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Dissociative Experiences Scale

The Dissociative Experiences Scale (DES) was developed by Eve Bernstein Carlson, Ph.D. and Frank W. Putnam, M.D. The overall DES score is obtained by adding up the 28 item scores and dividing by 28: this yields an overall score ranging from 0 to 100. Copies of the DES can be obtained through the Sidran Institute.



The following pages from Dr. Ross's book Dissociative Identity Disorder provide background information on the DES. The papers by Dr. Ross referenced in the text are listed elsewhere on this website.

The Dissociative Experiences Scale (DES) is a 28-item self-report instrument that can be completed in 10 minutes, and scored in less than 5 minutes. It is easy to understand, and the questions are framed in a normative way that does not stigmatize the respondent for positive responses. A typical DES question is, "Some people have the experience of finding new things among their belongings that they do not remember buying. Mark the line to show what percentage of the time this happens to you." The respondent then slashes the line, which is anchored at 0% on the left and 100% on the right, to show how often he or she has this experience. The DES contains a variety of dissociative experiences, many of which are normal experiences.

A newer form of the DES has a format in which the responses are made by circling a percentage ranging from 0% to 100% at 10% intervals. The advantage of the new form of the DES is that it is easier to score. It appears to have excellent convergent validity with the original form of the DES, and to be interchangeable with it (Ellason, Ross, Mayran, & Sainton, 1994).

The DES has very good validity and reliability, and good overall psychometric properties, as reviewed by its original developers (Carlson, 1994; Carlson & Armstrong, 1994; Carlson & Putnam, 1993; Carlson et al., 1993). It has excellent construct validity, which means it is internally consistent and hangs together well, as reflected in highly significant Spearman correlations of all items with the overall DES score. The scale is derived from extensive clinical experience with an understanding of DID. In the initial studies during its development and in all subsequent studies, the DES has discriminated DID from other diagnostic groups and controls at high levels of significance, based on either group mean or group median scores. In most samples, the mean and median DES scores for DID subjects are within 5 points of each other.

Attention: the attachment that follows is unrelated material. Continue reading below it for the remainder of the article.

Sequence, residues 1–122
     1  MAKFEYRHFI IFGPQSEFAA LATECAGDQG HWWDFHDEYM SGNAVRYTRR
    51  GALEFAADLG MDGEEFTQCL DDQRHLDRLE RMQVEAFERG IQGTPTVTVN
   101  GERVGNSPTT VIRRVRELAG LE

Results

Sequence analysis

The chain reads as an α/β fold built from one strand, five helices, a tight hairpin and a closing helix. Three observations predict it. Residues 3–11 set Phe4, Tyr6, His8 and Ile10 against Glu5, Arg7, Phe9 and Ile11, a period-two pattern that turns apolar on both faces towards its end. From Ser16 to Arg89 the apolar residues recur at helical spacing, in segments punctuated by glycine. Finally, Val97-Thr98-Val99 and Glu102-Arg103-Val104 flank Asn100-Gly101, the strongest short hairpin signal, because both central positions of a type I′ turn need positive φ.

As reviewed in Chapter Six, the higher the DES score, the more likely it is that the person has DID. In a sample of 1,051 clinical subjects, however, only 17% of those scoring above 30 on the DES actually had DID (Carlson et al., 1993). The DES is not a diagnostic instrument. It is a screening instrument. High scores on the DES do not prove that a person has a dissociative disorder, they only suggest that clinical assessment for dissociation is warranted. This is how we report DES scores in our consults, as within or not within the range for DID, and as consistent or not consistent with the clinical and DDIS diagnosis of DID. DID subjects sometimes have low scores, so a low score does not rule out DID. In fact, given that in most studies the average DES score for a DID patient is in the 40s, and the standard deviation about 20, roughly about 15% of clinically diagnosed DID patients score below 20 on the DES.

The DES is the only dissociative instrument that has been subjected to a number of replication studies by independent investigators. We found in our original replication (Ross, Norton, & Anderson, 1988) that it discriminated DID from other groups very well, with scores similar to those found by Bernstein and Putnam (1986), and this pattern has persisted in all subsequent research.

In another study Ryan, 1988; Ryan & Ross, 1988), we administered the adult form of the DES to 345 college students with a median age of 24 years, and 168 adolescents ages 12-14. We found that DES scores decline with age on, a curve similar to the decline in hypnotizability scores with age (Berg & Melin, 1975; Gordon, 1972; Morgan & Hilgard, 1973; Spiegel & Spiegel, 1978). The 12-year-olds had a median scores of 20.2, the 14-year-olds a median score of 14.8, and the college students a median of 7.9. The difference between 12- and 14-year-olds was significant at p <.00001.

Hypnotizability and dissociation are linked to each other, so it is not surprising that the DES yields scores that vary with age the way hypnotizability does. In both the adolescents and the college students, every item on the DES correlated with the overall scores for that group at p <.001 by Spearman correlation. This suggests that the adult form of the DES is a good screening instrument in subjects as young as 12; an adolescent form of the DES is in development.